Moonfall is a movie that is as stupid as they come. But as I sat there in the dark, a delirious grin on my face, cackling like a mad man, I couldn’t help be remember the words of Pauline Kael. “Movies are so rarely great art that if we cannot appreciate great trash, we have very little reason to appreciate them.”
Roland Emmerich’s Moonfall is most definitely trash-but it is excellent trash. It’s so bad that it’s almost hard to believe a director like Emmrich didn’t do it on purpose. Part of the charm of Moonfall is how despite the spectacle, the movie doesn’t feel polished. In contrast to most movies, Hollywood churns out; there is an endearing slap-dash quality to the enterprise.
The script is written by Emmerich himself, along with Harald Kloser and Spenser Cohen. Truthfully I was gobsmacked to learn that there weren’t another fifty writers. Moonfall doesn’t have a structure so much as the feel of a movie made by post-it notes. Had you told me that movie was penned by writers passing the script around town, each of them adding a scene, before passing it on, I would have believed you.
There’s an old saying about a room full of monkeys and a room full of typewriters and how they will eventually produce Shakespeare. I’m not convinced we’re not looking at the rough draft of the monkey’s work. But surely the monkeys would have been more coherent but possibly not as deliriously enjoyable.
Delving into the plot of Moonfall will get us nowhere. Suffice to say, Patrick Wilson plays a disgraced astronaut Brian Harper, Halle Berry plays a fellow astronaut and newly made head of Nasa, Jo, and the conspiracy-obsessed socially awkward comic relief is John Bradley as K.C. The cast is littered with character actors, all of whom have done better work, including Michael Pena as the new husband to Wilson’s now ex-wife Brenda (Carolina Bartczak). But it’s Donald Sutherland as Holdenfield, a NASA agent who tells Jo of the dark side of the Moon.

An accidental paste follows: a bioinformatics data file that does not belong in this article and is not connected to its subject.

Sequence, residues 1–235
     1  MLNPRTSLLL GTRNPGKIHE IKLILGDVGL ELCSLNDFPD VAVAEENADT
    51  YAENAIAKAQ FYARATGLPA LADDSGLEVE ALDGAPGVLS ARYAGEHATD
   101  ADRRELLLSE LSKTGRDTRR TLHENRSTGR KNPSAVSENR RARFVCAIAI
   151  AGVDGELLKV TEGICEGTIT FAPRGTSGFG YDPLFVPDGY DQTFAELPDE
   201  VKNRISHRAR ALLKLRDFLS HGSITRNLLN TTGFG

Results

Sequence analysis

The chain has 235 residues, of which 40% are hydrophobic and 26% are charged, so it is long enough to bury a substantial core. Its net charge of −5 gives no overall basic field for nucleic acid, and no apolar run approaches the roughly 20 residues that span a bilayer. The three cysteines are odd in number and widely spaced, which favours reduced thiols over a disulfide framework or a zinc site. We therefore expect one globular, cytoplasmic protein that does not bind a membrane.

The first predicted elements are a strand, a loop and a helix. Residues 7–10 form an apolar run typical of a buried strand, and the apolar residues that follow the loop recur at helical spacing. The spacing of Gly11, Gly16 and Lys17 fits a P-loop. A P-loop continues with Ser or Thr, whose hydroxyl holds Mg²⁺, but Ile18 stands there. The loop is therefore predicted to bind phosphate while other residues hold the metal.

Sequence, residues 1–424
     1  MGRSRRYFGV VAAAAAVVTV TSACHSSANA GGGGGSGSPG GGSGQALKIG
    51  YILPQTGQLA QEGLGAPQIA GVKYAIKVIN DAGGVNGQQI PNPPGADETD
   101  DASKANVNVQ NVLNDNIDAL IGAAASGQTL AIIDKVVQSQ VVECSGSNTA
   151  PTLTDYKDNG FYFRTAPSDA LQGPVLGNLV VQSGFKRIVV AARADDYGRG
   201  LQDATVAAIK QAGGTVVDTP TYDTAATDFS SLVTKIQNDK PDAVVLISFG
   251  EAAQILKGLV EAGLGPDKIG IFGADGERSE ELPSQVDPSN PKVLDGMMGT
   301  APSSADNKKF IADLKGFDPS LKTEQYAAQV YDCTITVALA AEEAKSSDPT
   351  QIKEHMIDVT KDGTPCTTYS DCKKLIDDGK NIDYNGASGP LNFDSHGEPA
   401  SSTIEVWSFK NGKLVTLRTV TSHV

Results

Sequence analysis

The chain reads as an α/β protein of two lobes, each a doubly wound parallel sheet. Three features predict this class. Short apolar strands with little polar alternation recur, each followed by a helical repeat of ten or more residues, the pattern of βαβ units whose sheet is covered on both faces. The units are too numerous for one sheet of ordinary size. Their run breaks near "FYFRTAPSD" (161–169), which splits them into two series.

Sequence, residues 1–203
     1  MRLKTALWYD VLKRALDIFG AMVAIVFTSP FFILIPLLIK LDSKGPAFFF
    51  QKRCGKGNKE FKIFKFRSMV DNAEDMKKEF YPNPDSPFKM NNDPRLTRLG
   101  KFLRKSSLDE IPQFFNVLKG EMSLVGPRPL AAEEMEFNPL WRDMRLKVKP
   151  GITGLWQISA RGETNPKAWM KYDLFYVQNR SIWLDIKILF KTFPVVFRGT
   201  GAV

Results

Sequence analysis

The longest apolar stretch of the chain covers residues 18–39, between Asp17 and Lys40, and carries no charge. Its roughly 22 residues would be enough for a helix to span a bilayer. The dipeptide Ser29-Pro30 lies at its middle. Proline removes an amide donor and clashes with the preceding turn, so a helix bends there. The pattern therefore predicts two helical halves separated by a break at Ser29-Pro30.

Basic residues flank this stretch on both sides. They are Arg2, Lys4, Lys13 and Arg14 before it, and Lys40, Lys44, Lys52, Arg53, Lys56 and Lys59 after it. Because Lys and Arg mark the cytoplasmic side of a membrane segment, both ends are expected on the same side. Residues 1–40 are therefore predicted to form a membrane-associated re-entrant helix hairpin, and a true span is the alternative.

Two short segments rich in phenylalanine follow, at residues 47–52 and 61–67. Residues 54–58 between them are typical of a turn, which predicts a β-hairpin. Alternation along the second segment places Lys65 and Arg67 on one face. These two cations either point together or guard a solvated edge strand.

Few character actors have cut their teeth in monologues meant to sell us the most outrageous codswallop, quite like Sutherland. It’s another hint that Emmerich knows what he’s doing. Moonfall isn’t bad in, say, the way the Fast and the Furious movies are.
No, Emmerich is channeling foundational films such as Plan 9 From Outer Space, Devil Girl From Mars, and The Robot vs. the Aztec Mummy. The dialogue is terrible, but the actors don’t pause and ham it up. There’s no winking at the camera. You either accept that Brian, Jo, and K.C. are flying to the Moon in a rocket with the words “Fuck the Moon” spray-painted on the sides of it, or you don’t. Everyone else can wait in the lobby.
At one point, Brian declines to help Jo out because he has “a lot going on right now.” “And the moon falling into the Earth isn’t one of them?” Berry’s delivery is note-perfect because it’s not screamed or over-sold. Despite the movie’s narrative chaos, Emmerich plays it straight-and it works.
Robby Baumgartner, Emmerich’s cameraman, at times makes Moonfall looks shockingly cheap. The film is littered with shots of blatant green screens that are so bad it is a wonder they made it through post. But again, this is Bumgartner and Emmerich threading the needle of paying homage to bad films often mocked for their low budgets and still delivering good old-fashioned Hollywood spectacle.
Moonfall wears its cheese on its sleeve while being shameless in its product placement. I’m sure Lexus is a fine automobile, but Emmerich has these Lexus outrunning the Moon and doing Evil Knievel-type stunts. Like everything else, however, it’s part of its char, Emmerich has chosen, instead of trying to be coy, just flat-out lay his product placement bare.
If anything sticks in my craw, it’s the hero-worshipping of Elon Musk and SpaceX. Mind you; it rarely rises above K.C. mumbling “I love Elon” a couple of times and the use of the Space-X station to fuel up the rocket on the way to the Moon. Still, asking me to believe that anything Musk built works, glitch-free, in space, stretches the boundaries of suspension of disbelief even for Moonfall.
Though one could argue that characters as dumb as the ones in Moonfall worshipping a billionaire grifter are less propaganda and more a sly dig at a fragile over-inflated ego. Either way, it’s not enough to suck the rapturous joy I felt when the movie does a complete narrative 180 towards the last thirty minutes of the film.
I’ll leave you with this bit of antidote. After watching Moonfall, I was walking home, and as I thought about the movie, I found myself giggling to myself in the night. The line between great art and great trash is often razor-thin, and frequently the two overlap. Moonfall may never crossover into great art, but it is never ashamed of being great trash either.
Images courtesy of Lionsgate
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